Some people experience a temporary "mini-stroke", or a transient ischemic attack (TIA). The symptoms mimic a stroke, (see below) but clear within 24 hours. TIAs are a warning that a real stroke may follow.

Measures can be taken to prevent a stroke. Here's what to do to reduce the risks of a stroke:

  • Control your blood pressure. Have it checked regularly and, if necessary, take medication prescribed by your physician.
  • Reduce blood levels of cholesterol to below 200 milligrams per deciliter (measured by a blood test).
  • Get regular exercise.
  • Keep your weight down.
  • Don't smoke.
  • Keep blood sugar levels under control if you're diabetic.
  • Use alcohol in moderation, if at all.
  • Avoid taking oral contraceptive pills, if possible. (If you must use them, don't smoke).
  • Learn to manage stress.
  • Ask your doctor about taking aspirin (low-dose, such as a daily baby aspirin). 
  • Ask your doctor to evaluate you for a surgical procedure that scrapes away fatty deposits in one or both of the main arteries in the neck.

Signs and Symptoms
It's important to know the warning signals of a stroke and get immediate medical attention, to minimize the damage. To help you remember what to look out for, the initials of the signs and symptoms spell DANGER.

  • Dizziness.
  • Absent-mindedness, or temporary loss of memory or mental ability.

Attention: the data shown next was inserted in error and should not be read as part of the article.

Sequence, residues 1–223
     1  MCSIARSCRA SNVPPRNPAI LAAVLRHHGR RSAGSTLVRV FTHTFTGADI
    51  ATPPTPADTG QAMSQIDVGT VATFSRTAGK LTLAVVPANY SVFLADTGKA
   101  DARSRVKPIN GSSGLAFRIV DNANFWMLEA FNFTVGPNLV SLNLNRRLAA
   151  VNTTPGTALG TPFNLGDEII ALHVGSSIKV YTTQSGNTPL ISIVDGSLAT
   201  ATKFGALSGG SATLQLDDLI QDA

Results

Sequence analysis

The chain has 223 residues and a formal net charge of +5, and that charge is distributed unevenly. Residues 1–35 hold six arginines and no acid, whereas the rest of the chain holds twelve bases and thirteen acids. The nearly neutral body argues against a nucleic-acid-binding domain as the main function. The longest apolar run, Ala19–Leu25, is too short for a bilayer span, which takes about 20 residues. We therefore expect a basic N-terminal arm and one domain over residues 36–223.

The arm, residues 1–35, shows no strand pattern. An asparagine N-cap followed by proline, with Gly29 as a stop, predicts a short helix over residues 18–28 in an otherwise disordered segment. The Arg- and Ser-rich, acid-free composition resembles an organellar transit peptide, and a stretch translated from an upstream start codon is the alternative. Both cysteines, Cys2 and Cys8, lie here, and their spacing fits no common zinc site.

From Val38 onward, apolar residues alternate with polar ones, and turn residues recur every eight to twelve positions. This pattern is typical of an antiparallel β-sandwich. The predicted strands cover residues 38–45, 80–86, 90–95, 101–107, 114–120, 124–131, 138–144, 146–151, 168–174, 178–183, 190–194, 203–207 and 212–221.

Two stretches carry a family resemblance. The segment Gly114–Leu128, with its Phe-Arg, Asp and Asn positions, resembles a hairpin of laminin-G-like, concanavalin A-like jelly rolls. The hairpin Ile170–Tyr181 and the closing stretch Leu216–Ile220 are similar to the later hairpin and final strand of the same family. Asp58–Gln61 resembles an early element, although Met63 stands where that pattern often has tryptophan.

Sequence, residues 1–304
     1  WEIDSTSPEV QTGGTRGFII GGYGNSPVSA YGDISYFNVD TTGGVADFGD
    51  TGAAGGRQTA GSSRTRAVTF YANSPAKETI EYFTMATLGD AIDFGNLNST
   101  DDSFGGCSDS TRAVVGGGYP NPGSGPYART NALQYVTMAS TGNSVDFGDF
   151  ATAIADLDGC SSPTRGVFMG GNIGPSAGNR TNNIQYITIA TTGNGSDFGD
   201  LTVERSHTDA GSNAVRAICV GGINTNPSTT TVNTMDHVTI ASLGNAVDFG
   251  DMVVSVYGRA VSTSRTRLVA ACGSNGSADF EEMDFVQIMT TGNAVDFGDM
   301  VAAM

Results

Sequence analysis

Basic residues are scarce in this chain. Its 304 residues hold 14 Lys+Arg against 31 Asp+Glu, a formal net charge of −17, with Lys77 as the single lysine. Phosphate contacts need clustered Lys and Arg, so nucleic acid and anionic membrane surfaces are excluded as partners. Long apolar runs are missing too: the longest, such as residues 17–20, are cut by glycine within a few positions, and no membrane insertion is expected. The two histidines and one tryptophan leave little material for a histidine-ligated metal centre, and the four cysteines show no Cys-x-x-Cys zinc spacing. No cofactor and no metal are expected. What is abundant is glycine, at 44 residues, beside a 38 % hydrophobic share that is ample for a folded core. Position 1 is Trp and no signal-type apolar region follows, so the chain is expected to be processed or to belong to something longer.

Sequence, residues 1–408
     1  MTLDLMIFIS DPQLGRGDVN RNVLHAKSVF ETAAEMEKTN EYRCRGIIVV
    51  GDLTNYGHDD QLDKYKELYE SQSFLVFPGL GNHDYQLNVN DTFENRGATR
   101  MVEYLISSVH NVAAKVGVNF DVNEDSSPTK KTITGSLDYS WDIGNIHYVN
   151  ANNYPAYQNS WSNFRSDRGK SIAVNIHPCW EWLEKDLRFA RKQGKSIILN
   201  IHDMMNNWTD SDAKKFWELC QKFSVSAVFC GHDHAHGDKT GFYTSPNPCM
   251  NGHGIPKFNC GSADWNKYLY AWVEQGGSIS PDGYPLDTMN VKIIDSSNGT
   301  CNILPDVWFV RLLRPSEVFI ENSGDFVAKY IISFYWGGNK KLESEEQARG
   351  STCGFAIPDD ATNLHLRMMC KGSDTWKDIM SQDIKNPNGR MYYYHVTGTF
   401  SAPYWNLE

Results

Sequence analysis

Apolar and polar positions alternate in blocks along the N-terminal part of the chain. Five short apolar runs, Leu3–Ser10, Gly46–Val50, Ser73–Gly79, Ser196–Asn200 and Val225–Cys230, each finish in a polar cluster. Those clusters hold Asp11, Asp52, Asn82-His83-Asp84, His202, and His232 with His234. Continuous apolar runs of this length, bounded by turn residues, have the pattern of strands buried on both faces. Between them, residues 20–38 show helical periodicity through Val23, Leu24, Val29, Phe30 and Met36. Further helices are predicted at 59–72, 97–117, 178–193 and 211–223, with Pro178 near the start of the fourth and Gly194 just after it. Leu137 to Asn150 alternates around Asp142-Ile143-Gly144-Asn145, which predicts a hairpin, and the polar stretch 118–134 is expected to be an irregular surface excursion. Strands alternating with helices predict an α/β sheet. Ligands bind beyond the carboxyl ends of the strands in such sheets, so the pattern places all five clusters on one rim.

• Numbness or weakness in the face, arm, or leg.
  • Garbled speech.
  • Eye problems, including temporary loss of sight in one eye, or double vision.
  • Recent onset of severe headaches.

Care and Treatment
Tests can be done to locate the obstruction of blood flow to the brain. The doctor may then prescribe appropriate medicines and/or surgery. When an actual stroke occurs, it is crucial to get immediate treatment. Treatment often includes:




Intracerebral hemorrhage, embolism, thrombosis, or vascular insufficiency causing destruction of brain tissue.


Fragility of the vessels of the arterial tree, hypertension, excessive serum cholesterol and triglycerides, kidney damage, electrolyte imbalance and malnutrition are all involved separately or in unison resulting in cerebrovascular accidents. Combine these factors with stress producing exhaustion of adrenals and severe emotional strain and catastrophe results.


A deficiency in vitamin C is very detrimental to strength and integrity of blood vessels and large amounts of vitamin C are needed to prevent a cerebral hemorrhage. Blood cholesterol and triglycerides must be reduced and all nutrients needed to meet the demands of stress and aid the exhausted adrenals as well as to rebuild kidney tissue must be provided. Sodium intake must be reduced and a balance achieved with choline and potassium.